New York’s future mail-in voting program will benefit voters with disabilities

The New York State Board of Elections will create a new mail-in ballot program, following a lawsuit filed by disability advocacy organizations in May 2020.

The lawsuit was brought by the New York State National Federation of the Blind, the American Council of the Blind of New York, Inc., the Center for Independence of the Disabled, New York, Disability Rights New York and several New York voters with disabilities. , including Rasheta Bunting, Karen Gourgey, Keith Gurgui and Jose Hernandez.

“This decision affirms that the right to vote is something that all people, regardless of their disability status, should be able to fully exercise as a civil duty. It will provide absentee voters with access via an electronic platform for people with a range of disabilities, including but not limited to visual, learning and physical disabilities,” said Sharon McLennon-Wier, executive director of CIDNY.

The program will make it easier for New Yorkers with disabilities to vote privately and independently, in accordance with the settlement agreement. In the settlement, NYSBOE must choose a remotely accessible email voting system. This would allow people who are blind and print-impaired to use their own computer to read and mark a ballot.

Computers would have their own screen-reading software that would convert ballot content into speech or Braille displayed on a connected device. The NYSBOE also needs to create a statewide portal that voters can use to request an accessible mail-in ballot. They are also committed to training each of the fifty-eight county election commissions in the use of the system.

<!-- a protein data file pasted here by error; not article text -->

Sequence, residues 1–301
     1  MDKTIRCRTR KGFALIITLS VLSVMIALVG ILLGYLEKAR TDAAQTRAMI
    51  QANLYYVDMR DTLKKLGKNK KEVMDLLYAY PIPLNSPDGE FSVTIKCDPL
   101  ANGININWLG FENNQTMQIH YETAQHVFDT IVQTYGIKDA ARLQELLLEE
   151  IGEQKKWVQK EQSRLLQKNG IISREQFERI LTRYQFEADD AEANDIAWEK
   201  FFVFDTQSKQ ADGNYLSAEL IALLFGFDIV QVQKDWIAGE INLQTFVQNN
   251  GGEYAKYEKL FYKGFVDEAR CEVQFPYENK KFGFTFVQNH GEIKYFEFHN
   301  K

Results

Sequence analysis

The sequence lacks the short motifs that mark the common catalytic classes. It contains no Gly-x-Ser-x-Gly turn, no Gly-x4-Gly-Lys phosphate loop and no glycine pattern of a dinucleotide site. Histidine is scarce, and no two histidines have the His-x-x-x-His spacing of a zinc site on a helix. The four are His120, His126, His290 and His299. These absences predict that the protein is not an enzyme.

Karen Blachowicz, President of the American Council of the Blind, New York, said, “We are pleased that the state is providing accessible and consistent mail-in voting methods and oversight of each county council, so that every voter New York’s blind can be sure of an accessible mail-in ballot.

Additionally, the Brooklyn Center for the Independence of the Disabled and NFBNYS have also agreed with DRNY that all voters deserve to vote privately and independently.

The organizations, in a joint statement, applaud NYSBOE for its commitment to making voting more accessible.

“This is a big step forward for democracy in New York State that would allow people to use their own technology to fill out an absentee ballot,” said Chana Bleznick, an advocate for the BCID’s electoral commitment.

“BCID looks forward to partnering with DRA, DRNY and other disability organizations to further ensure accessibility for all when voting,” Bleznick added.

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Ryan H. Bowman